The ending… Oh, good lord, the ending. Stupid. As. Hell. It was the most trite, transparent and ridiculous ending… The much-reviled Terminator 3 ending, which I actually liked a lot, seems like Citizen Kane in comparison.

Mostly, a Terminator movie shouldn’t be boring. Terminator: Salvation was boring. I checked my watch three times. Hollywood’s next step to get the Terminator to not suck will probably be a “reboot” of the original with Will Smith as the Terminator. It baffles my mind that the same Hollywood that produced “The Dark Knight” was also responsible for this.


About to go check out “Terminator: Salvation”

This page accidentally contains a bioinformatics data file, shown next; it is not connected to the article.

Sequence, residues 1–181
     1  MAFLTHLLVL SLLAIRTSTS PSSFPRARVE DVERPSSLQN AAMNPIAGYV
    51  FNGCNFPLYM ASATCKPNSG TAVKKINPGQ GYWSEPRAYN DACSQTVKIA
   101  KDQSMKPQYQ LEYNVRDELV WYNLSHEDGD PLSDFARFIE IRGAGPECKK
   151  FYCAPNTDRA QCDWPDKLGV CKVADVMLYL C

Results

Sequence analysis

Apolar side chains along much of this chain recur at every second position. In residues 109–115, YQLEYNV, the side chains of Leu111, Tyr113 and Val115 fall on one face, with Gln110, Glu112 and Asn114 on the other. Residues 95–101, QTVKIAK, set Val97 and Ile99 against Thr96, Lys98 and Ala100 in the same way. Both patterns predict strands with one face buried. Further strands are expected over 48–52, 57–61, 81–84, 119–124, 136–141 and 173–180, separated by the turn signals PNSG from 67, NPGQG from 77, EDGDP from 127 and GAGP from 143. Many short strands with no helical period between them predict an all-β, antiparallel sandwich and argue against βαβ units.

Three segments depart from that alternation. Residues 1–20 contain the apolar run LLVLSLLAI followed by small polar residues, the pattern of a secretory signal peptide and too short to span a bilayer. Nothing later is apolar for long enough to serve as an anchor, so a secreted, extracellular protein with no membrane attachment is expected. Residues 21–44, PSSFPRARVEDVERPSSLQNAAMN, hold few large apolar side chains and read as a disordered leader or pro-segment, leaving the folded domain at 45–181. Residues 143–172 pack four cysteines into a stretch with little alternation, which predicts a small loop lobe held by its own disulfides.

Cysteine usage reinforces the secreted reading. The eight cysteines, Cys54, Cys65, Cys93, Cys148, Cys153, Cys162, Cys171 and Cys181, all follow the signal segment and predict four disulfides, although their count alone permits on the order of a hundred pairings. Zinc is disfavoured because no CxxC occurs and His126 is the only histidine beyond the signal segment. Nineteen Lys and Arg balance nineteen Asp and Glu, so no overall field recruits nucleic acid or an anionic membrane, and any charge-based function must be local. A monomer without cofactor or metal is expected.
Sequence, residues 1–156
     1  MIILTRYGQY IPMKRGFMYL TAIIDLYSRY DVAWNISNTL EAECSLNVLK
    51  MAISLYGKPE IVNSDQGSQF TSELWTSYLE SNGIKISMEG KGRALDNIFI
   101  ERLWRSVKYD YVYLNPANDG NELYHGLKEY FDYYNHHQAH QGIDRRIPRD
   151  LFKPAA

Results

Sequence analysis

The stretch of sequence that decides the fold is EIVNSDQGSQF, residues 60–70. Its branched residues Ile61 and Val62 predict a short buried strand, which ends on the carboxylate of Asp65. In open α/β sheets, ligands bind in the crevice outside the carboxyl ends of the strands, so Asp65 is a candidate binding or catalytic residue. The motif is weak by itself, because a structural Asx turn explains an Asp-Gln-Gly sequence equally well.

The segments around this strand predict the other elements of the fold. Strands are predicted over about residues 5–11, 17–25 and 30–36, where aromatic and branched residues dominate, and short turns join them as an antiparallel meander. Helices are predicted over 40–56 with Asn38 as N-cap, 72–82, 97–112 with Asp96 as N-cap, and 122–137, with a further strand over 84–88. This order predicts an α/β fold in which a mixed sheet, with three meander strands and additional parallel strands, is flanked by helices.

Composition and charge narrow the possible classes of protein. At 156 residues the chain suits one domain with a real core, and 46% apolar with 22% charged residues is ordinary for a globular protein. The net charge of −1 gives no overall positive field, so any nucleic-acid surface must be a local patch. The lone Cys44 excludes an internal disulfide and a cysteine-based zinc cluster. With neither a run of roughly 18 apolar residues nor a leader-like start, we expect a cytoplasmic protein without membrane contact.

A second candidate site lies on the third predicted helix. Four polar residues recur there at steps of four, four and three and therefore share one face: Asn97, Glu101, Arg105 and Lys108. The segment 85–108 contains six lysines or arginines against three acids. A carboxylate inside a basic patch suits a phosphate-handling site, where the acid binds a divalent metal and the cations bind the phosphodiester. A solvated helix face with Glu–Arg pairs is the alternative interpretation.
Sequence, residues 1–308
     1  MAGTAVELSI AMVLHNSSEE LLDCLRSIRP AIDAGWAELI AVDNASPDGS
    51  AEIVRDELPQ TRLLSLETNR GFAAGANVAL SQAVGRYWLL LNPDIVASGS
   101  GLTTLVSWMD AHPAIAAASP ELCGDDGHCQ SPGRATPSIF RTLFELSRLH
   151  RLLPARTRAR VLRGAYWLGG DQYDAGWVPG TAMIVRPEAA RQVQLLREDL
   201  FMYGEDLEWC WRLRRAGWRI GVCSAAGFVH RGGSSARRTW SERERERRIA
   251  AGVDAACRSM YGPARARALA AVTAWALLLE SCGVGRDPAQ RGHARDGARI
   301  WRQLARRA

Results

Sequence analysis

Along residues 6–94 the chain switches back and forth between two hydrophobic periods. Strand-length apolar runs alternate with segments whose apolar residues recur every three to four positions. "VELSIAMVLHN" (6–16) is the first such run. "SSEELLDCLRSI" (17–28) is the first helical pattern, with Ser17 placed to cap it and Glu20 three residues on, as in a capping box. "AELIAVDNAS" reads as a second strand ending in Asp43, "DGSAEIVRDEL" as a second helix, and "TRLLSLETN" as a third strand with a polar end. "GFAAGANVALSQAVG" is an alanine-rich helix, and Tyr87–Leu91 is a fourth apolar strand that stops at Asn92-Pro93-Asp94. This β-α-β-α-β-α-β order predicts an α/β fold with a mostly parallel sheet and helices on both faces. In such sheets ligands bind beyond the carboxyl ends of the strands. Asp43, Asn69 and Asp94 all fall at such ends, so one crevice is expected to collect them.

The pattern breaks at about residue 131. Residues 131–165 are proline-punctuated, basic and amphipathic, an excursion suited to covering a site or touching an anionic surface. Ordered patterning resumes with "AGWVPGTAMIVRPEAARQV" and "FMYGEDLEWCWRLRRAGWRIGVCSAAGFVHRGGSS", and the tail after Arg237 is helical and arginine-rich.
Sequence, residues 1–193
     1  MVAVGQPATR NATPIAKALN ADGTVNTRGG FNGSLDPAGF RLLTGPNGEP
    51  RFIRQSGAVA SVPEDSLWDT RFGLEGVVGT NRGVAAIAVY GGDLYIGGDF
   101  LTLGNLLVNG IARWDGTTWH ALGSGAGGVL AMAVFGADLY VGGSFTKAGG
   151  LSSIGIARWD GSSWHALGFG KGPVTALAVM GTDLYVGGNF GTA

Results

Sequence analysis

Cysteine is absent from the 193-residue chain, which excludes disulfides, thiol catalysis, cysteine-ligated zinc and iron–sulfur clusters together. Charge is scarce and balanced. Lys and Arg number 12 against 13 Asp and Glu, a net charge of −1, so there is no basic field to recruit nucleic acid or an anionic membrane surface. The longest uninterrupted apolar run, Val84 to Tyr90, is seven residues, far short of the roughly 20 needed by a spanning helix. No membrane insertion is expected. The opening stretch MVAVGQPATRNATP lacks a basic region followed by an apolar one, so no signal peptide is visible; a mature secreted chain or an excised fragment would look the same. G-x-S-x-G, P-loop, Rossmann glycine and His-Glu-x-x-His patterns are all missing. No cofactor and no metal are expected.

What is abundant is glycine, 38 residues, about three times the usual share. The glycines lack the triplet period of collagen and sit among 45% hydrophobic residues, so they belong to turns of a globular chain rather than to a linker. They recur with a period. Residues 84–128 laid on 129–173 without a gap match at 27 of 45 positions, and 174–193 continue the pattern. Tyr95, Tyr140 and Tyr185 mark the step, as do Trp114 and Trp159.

Mel and the kids are going to see Night at the Museum: Battle of the Smithsonian [IMDB, Rotten Tomatoes] which, unlike the first Night at the Museum [IMDB, Rotten Tomatoes] film that I actually enjoyed, looks completely atrocious. So, I’m going to go check out Terminator: Salvation [IMDB, Rotten Tomatoes] — I’m going in with absolutely zero expectations as to the quality of this film and, frankly, expect it to suck. We’ll see how it goes. I’ve seen the last two Terminator movies in the theaters (the original was a bit before my time in terms of getting to hit up R-rated flicks in the theaters) and am going to check this one out simply to keep the streak going.

After all, it can’t be as bad as Alien vs Predator [IMDB, Rotten Tomatoes], can it?

Here’s a drawing: “Chibi”

Andy Bartlett; 3/8/2009

I did this back in March; it’s just a down-and-dirty sketch I did with an 0.5mm mechanical pencil. I used to draw all the time; I really should find the time to do more of it. This was really fun, and I’m pretty happy with how it turned out.